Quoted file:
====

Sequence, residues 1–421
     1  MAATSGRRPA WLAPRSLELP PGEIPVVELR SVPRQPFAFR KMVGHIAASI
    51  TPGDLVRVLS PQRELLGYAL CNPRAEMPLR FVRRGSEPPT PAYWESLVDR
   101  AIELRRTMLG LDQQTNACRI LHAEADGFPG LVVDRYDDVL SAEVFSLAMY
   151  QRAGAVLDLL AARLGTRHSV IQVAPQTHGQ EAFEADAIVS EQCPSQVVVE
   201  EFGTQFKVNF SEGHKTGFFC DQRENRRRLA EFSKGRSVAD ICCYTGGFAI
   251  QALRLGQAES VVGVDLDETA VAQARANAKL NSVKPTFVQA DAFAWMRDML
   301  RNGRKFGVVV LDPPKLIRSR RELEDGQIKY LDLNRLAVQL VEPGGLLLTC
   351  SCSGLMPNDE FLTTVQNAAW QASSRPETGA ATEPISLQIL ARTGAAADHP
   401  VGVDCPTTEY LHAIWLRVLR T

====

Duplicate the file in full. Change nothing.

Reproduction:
Sequence, residues 1–421
     1  MAATSGRRPA WLAPRSLELP PGEIPVVELR SVPRQPFAFR KMVGHIAASI
    51  TPGDLVRVLS PQRELLGYAL CNPRAEMPLR FVRRGSEPPT PAYWESLVDR
   101  AIELRRTMLG LDQQTNACRI LHAEADGFPG LVVDRYDDVL SAEVFSLAMY
   151  QRAGAVLDLL AARLGTRHSV IQVAPQTHGQ EAFEADAIVS EQCPSQVVVE
   201  EFGTQFKVNF SEGHKTGFFC DQRENRRRLA EFSKGRSVAD ICCYTGGFAI
   251  QALRLGQAES VVGVDLDETA VAQARANAKL NSVKPTFVQA DAFAWMRDML
   301  RNGRKFGVVV LDPPKLIRSR RELEDGQIKY LDLNRLAVQL VEPGGLLLTC
   351  SCSGLMPNDE FLTTVQNAAW QASSRPETGA ATEPISLQIL ARTGAAADHP
   401  VGVDCPTTEY LHAIWLRVLR T